The mysterious Redtail south of London is a tale many golfers in Ontario know, but few have seen. The low-profile private club is fairly secretive and secluded. Minimal members, and few rounds are played here, but those who do get to tee it up on this Donald Steel design get to experience one of Canada’s most exclusive golf courses.
From the first tee, you realize Redtail is just a little bit different. After walking across the 18th fairway (yes, directly across the line of play), the opening tee ball is low profile and rather humble. At 382 yards, it is not long, but it is fairly tight.
Playing into the green, a single bunker guards the right side. In total, only some 30-odd bunkers are on Redtail, certainly capitalizing on the idea of “minimalism.”
At the par 5, 2nd a big dogleg right with a single bunker on the left to catch tee balls coming too close to the 17th tee awaits. A welcoming tee ball opens up this 545-yard par 5 for big hitters hoping to get home in two.
As you turn the corner a rolling fairway awaits with the fairway seemingly sitting on top of the landscape rather than cutting through.
The green site is cut behind a washout of sorts with a single bunker left. Like many of Redtail’s holes, the green complex shines here, with quite a bit of movement in the small surface.
After a fairly gentle opening two-step, the third brings a bit of teeth to the party. At 470 yards, a big drive is needed here.
The approach shot demands even more attention playing over Redtail’s version of Riviera’s Barranca. Anything short will end up in some thick fescue.
The green complex is devilish and mean, with some incredible movement. Anything left is a lot worse than right, but it made for a good view.
After the open farmland the first three holes play through, the 4th oddly plays through a thick forest. At 358 yards, it is incredibly tight, and frankly, out of place.
Playing to an infinity green, a single bunker left awaits those to gobble shots up.
On first glance, the 534 yard par 5, 5th looks similar to the tee shot on the 2nd, bending to the right around bush.
As you turn the corner, however, you realize the hole is a “S” shape, moving to the right off the tee and back to the left. Cutting the corner too much brings a small marsh into play.
On the second swing of the 5th, the golfer plays over a small switchback stream meandering up the right before crossing the fairway and playing up the left for the rest of the hole.
That creek runs into the pond short and left of the green.
The green complex at the 5th is of particular interest. Among my favourites on the golf course, this is a very fun green to roll putts on—as long as you are not above the hole.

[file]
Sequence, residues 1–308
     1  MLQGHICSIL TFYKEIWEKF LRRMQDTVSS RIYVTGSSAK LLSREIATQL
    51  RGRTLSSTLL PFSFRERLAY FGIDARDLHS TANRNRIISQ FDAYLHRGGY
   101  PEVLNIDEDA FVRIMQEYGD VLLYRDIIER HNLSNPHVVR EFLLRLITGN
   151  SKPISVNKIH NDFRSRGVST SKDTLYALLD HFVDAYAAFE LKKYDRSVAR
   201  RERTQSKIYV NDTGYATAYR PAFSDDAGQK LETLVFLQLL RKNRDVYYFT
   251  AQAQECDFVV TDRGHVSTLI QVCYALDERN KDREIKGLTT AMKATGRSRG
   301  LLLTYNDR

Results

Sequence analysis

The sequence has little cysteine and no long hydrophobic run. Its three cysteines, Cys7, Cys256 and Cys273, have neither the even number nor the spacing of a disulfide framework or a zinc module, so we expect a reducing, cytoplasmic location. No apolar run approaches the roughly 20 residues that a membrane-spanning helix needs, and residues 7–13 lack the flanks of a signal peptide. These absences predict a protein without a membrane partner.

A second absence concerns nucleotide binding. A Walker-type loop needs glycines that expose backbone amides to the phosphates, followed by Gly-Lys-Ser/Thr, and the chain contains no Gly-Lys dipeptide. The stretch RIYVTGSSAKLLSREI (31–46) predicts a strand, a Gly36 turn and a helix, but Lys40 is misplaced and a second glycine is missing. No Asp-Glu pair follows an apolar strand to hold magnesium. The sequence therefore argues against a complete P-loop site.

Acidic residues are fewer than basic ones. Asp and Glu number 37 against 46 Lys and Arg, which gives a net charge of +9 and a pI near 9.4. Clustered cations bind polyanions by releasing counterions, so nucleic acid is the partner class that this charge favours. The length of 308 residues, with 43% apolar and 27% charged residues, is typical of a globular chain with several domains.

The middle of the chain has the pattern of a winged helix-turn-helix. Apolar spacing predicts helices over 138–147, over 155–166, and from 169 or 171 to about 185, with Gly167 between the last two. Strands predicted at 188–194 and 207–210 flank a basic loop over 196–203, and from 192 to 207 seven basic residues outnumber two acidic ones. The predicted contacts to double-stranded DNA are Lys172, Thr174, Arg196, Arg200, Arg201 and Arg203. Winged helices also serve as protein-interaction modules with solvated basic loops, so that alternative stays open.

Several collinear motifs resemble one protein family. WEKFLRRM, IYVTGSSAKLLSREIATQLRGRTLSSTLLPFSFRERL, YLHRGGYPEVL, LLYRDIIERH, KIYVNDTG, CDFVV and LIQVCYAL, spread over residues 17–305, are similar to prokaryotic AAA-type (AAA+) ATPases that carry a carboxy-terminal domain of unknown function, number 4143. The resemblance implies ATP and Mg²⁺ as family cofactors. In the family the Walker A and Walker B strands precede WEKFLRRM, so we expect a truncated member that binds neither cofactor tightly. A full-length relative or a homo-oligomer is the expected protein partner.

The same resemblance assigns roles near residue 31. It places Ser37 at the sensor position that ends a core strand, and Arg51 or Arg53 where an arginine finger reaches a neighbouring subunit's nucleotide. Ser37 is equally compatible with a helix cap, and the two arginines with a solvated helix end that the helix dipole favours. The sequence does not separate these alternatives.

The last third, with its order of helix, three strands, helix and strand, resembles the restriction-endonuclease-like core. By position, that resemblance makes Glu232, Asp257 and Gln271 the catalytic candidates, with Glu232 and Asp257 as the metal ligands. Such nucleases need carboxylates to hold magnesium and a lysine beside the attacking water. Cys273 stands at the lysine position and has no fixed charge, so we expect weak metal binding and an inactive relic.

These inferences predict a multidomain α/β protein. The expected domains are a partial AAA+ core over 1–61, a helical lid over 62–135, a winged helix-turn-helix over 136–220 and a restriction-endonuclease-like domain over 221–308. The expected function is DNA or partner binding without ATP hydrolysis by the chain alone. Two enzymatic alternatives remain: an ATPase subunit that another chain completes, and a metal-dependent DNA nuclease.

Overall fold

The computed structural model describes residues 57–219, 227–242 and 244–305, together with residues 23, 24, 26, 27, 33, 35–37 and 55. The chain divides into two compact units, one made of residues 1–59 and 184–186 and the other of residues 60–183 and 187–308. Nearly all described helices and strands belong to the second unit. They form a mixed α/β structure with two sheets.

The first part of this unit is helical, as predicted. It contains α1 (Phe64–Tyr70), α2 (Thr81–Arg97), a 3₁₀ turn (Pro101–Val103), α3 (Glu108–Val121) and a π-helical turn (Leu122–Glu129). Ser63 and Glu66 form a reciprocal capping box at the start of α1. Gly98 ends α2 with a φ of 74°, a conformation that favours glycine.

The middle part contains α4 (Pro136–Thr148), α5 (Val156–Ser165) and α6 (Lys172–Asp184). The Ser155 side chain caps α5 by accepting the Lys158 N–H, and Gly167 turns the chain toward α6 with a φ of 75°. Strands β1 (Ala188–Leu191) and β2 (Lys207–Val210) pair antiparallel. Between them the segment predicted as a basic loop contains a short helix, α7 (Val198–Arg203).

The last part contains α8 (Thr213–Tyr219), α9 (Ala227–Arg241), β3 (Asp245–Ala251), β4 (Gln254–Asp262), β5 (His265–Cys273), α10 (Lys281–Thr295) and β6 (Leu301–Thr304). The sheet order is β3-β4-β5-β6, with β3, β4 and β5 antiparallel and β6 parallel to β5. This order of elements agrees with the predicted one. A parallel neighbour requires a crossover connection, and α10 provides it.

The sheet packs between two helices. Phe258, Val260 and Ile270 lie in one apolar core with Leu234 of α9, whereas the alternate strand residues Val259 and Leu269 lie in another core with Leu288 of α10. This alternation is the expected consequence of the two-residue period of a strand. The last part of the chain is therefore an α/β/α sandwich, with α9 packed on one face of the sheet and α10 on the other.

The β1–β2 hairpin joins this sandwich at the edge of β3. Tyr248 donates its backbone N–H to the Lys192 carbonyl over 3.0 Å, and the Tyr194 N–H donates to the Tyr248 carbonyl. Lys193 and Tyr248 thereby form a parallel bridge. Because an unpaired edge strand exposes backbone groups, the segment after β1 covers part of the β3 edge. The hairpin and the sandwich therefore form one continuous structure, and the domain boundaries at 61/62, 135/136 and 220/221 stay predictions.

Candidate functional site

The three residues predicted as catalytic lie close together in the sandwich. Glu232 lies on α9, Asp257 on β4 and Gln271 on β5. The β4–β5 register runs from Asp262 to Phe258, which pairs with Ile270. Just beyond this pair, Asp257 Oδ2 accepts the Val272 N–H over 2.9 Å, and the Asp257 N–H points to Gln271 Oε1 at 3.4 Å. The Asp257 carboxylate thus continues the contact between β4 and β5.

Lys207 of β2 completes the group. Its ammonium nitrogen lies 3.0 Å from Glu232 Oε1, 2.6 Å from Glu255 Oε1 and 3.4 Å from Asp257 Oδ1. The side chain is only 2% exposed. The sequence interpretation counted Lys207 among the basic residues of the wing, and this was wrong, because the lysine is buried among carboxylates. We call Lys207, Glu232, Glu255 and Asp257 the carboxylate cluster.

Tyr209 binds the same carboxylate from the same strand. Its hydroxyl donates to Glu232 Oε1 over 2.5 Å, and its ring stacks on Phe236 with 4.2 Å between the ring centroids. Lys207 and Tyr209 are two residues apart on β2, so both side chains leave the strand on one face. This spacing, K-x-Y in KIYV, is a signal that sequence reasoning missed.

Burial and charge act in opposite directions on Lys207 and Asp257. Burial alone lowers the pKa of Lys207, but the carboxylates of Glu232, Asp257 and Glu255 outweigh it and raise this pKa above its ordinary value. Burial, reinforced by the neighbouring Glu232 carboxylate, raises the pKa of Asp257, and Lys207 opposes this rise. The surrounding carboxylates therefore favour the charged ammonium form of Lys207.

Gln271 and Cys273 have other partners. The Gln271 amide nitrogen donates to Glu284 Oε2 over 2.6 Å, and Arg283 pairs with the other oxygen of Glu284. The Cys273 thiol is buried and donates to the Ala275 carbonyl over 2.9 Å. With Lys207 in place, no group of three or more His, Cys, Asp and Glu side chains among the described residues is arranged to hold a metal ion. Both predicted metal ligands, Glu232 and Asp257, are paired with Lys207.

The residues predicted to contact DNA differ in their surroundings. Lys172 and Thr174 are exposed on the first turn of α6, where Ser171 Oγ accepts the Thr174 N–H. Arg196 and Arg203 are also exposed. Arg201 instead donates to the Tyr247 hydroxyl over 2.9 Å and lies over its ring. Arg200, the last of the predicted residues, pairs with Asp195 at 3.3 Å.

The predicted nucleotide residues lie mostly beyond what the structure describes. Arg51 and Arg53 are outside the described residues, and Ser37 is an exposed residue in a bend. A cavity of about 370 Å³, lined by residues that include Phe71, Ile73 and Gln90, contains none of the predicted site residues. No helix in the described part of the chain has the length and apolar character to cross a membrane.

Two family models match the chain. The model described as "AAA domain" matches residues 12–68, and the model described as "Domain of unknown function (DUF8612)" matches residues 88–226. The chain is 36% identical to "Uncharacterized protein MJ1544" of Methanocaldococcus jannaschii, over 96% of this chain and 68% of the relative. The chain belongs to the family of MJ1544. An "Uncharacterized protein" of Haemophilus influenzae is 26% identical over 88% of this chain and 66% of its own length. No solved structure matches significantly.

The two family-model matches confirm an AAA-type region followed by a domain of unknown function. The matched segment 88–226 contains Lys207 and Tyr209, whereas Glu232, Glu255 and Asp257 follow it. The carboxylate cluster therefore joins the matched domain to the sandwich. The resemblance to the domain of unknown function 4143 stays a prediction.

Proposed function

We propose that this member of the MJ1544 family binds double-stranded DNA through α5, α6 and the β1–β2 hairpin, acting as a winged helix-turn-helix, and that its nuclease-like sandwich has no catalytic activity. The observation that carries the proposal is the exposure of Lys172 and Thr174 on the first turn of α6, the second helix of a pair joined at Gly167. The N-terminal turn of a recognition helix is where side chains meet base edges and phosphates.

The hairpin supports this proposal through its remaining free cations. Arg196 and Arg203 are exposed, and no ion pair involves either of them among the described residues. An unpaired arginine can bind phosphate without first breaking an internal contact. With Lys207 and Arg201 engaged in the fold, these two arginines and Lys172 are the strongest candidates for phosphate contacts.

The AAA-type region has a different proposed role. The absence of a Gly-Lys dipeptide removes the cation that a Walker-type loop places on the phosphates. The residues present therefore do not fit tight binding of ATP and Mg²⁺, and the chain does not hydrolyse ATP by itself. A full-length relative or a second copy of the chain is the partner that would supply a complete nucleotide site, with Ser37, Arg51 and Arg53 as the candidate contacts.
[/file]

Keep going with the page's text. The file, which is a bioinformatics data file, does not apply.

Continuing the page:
At 370 yards, the 6th is a short par 4 letting the golfer rein in driver and hit something shorter from the tee as the fairway ends at about 265 yards.
The approach shot is attractive, playing over some wonderfully undulating land.
The seventh is the first standout at Redtail, and among the classiest examples of modern architecture around. This long par 3 at 222 yards plays over a canyon that shouldn’t come into play. The actual approach is demanding and smart.
What makes this hole so high quality is the subtle use of “rolling” the green over the edge on the right side making golf balls fall off the green. It is simple, sure, but under-utilized, and as it has been used here, it is elegant. A welcomed change from some modern courses criminally over bunkered for the sake of attraction.
After the brilliant 7th, the 380-yard par 4, 8th fails to keep up the energy. The awkward tee shot plays over a gully and doglegs to the right pretty hard. Granted, not everything has to be “in front of you,” but the strategies suggested at the 8th are just downright weird.
As you turn the corner the hole reveals itself. Long hitters are able to carry the gorge, but shorter hitters may have to lay up short.
With all the criticism on the tee shot above I am a fan of the approach. With a single bunker left, the green is interesting, but without the big ridges found on the 3rd and 5th. A bit more subtle and low-profile, this green is harder than it looks.
The 9th, like the 4th, is out of place. At 147 yards, the downhill par 3 plays over a pond to a green fronted by a massive stone rock wall. The rock wall is particularly odd considering Redtail’s vibe and feel. It’s something you might find at a much more flamboyant golf course like Magna, not the low-profile, classy Redtail.